DENVER – The bill from a state Senate Democrat aimed at banning bump stocks in Colorado won’t get its first committee hearing until March 19 after it was pushed back from its original first hearing, which had been set for Monday.
The postponement of Senate Bill 51, which is sponsored by El Paso County Democratic Sen. Michael Merrifield, came days after House Democrats defeated three Republican gun measures in committee meetings that lasted several hours and drew massive crowds in opposition.
Monday’s hearing was expected to garner similar attention, but the hearing scheduled for 1:30 p.m. Monday in the Senate State, Veterans & Military Affairs Committee was pushed to March 19 at the last minute, Senate Democrats said.
Merrifield’s measure would include bump stocks in the state definition of a “dangerous weapon” and make possessing one a class 5 felony for the first offense, then a class 4 felony for each following offense.
If approved, Merrifield’s proposal would also apply the same class of penalties to people who sold bump stocks to another person in Colorado.
Republicans hold a 3-2 majority in the Senate State, Veterans & Military Affairs Committee. Even if Merrifield’s proposal were to make it past the committee, Senate President Kevin Grantham told The Denver Post that the proposal wouldn’t “save a single soul” and infringed on people’s Second Amendment rights – meaning it faces great uncertainty in the Republican-controlled Senate.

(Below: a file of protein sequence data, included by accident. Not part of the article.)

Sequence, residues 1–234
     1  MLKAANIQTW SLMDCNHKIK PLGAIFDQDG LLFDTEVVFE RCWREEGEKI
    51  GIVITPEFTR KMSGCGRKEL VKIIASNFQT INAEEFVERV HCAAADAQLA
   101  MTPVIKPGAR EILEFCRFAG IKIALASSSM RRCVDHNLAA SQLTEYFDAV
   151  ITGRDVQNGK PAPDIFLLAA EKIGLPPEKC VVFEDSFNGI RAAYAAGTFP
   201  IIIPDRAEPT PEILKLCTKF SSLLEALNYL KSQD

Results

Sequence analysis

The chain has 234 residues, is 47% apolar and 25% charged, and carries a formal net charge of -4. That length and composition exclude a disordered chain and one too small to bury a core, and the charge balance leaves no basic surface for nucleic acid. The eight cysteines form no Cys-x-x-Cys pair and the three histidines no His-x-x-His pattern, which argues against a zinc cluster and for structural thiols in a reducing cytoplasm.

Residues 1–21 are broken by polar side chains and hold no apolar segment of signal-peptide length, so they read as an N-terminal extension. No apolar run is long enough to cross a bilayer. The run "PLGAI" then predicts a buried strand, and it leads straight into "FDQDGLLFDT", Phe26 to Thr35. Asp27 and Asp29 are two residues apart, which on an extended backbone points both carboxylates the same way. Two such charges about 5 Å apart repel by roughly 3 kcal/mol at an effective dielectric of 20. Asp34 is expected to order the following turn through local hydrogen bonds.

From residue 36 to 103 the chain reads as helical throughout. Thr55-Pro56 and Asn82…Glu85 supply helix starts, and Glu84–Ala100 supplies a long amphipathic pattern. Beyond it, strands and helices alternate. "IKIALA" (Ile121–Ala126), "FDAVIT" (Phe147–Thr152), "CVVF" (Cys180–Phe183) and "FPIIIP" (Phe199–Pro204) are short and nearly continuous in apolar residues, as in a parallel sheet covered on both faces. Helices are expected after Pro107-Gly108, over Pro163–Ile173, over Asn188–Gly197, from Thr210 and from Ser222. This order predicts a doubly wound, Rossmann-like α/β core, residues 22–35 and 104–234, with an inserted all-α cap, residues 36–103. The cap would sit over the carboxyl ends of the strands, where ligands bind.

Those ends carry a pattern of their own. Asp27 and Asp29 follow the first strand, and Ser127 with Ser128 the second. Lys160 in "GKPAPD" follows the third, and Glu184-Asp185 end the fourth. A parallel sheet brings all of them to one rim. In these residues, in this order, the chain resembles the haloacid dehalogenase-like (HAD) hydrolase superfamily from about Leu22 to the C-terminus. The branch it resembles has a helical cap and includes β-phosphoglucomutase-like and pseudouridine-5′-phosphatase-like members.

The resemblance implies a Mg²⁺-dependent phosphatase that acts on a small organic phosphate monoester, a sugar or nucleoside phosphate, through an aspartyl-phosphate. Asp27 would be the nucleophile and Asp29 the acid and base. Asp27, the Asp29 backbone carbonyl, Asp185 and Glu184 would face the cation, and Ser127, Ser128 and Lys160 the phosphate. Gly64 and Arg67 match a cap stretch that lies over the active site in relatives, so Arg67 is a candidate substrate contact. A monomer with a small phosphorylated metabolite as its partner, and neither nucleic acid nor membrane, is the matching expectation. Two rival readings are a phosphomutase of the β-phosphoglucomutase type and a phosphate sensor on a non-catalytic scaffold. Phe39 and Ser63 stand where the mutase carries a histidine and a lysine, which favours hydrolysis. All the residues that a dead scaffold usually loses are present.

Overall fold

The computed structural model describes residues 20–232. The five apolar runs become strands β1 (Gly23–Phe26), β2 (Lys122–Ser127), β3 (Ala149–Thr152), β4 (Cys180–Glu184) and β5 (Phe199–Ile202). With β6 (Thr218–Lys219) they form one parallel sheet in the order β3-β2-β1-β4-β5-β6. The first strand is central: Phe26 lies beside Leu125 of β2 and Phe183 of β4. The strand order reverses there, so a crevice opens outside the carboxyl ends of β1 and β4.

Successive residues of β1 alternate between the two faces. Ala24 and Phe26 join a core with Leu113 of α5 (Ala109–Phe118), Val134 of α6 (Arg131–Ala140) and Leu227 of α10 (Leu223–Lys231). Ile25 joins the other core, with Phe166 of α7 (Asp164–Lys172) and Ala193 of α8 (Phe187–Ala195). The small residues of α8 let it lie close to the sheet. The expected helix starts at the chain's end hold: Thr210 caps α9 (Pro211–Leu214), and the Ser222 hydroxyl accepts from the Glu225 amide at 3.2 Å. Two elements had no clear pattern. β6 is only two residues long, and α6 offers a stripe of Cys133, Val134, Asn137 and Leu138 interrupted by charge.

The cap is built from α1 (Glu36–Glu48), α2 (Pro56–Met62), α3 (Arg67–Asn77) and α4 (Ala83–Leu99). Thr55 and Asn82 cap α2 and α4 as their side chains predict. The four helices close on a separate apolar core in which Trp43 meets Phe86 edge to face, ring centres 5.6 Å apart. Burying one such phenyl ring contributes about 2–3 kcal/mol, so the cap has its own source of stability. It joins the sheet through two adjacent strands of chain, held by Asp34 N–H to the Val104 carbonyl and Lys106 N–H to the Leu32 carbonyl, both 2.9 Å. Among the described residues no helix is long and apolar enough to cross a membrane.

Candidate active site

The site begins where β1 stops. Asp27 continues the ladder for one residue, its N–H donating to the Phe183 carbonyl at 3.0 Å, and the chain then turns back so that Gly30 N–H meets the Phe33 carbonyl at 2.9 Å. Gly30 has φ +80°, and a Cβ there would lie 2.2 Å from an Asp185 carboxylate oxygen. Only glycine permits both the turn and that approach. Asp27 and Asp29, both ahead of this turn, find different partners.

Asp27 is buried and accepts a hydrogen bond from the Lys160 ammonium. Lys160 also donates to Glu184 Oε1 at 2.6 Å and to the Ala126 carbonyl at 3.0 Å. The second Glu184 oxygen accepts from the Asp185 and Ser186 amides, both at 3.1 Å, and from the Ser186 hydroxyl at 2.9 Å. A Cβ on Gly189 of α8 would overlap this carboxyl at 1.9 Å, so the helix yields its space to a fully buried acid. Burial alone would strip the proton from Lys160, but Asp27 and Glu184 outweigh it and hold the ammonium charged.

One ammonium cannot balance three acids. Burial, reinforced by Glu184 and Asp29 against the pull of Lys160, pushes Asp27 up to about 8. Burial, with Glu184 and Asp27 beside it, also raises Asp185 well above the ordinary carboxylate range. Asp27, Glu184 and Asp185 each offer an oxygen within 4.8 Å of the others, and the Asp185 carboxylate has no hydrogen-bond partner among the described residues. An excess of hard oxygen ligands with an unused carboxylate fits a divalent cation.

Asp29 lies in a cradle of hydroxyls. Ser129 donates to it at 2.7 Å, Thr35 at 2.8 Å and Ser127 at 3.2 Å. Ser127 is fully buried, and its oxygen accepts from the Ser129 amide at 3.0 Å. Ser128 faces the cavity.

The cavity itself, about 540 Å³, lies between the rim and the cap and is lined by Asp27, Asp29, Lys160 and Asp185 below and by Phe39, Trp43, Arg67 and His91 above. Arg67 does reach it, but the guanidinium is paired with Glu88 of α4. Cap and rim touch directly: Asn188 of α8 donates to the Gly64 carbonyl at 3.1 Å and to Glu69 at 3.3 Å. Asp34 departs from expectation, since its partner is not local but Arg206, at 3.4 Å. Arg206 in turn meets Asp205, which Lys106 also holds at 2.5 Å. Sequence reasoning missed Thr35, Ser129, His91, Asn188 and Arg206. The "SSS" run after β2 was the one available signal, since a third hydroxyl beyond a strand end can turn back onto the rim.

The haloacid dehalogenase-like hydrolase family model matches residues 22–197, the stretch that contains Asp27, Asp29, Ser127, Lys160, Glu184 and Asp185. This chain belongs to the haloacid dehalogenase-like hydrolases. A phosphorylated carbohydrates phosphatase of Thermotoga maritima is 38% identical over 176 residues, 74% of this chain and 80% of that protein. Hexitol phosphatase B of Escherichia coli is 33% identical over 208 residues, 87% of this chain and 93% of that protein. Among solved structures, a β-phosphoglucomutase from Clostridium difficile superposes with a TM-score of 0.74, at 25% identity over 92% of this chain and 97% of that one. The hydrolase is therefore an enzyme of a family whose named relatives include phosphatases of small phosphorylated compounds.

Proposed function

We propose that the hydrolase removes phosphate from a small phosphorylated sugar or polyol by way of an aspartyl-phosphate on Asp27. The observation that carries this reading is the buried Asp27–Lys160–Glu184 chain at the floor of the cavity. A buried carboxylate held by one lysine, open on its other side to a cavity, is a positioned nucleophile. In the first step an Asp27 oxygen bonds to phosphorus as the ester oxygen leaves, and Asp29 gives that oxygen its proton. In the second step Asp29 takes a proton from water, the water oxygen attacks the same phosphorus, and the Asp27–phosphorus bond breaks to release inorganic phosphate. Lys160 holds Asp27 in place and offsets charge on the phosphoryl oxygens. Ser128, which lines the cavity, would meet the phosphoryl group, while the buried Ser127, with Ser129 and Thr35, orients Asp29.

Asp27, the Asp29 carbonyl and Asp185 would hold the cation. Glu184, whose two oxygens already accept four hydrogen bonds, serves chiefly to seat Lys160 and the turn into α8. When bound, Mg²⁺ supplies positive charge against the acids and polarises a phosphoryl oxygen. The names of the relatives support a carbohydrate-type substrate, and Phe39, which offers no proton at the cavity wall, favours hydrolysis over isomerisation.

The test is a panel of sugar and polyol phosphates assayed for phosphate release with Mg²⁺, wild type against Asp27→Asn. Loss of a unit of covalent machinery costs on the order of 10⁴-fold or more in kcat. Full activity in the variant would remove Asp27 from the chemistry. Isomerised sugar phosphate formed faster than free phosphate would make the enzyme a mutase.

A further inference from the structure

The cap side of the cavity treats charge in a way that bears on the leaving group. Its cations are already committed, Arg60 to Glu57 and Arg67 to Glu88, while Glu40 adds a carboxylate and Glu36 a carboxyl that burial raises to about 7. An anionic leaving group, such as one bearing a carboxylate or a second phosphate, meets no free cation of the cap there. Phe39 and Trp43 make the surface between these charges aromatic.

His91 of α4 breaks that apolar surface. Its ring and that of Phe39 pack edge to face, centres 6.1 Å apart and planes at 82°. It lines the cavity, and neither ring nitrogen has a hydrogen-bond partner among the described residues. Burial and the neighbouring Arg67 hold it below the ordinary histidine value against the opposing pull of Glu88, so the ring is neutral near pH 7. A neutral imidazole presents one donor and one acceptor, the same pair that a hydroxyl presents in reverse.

President Trump talked about bump stocks again Monday at a meeting with the nation’s governors. He signed a memo last week ordering U.S. Attorney General Jeff Sessions “to propose regulations to ban all devices that turn legal weapons into machine guns.”
“Bump stocks, we’re writing that out, I’m writing that out myself,” Trump told the governors Monday. “I don’t care if Congress does it or not; I’m writing it out myself, OK? You put it into the machine gun category…it becomes, essentially, a machine gun…it’s going to be very hard to get them.”
Denver’s bump stock ban went into effect in recent days.
The city already had a ban on so-called assault weapons, which include semi-automatic rifles with magazine capacities of 21+ rounds and semi-auto shotguns with either a folding stock or six-round magazine capacity.
But the latest revision to the city’s municipal code makes it “illegal to sell, carry, store, or otherwise possess” a bump stock in Denver. Police are asking any owners to turn their bump stocks in at police stations. Not doing so could lead to fines between $100 and $999 or between 10 and 180 days in jail.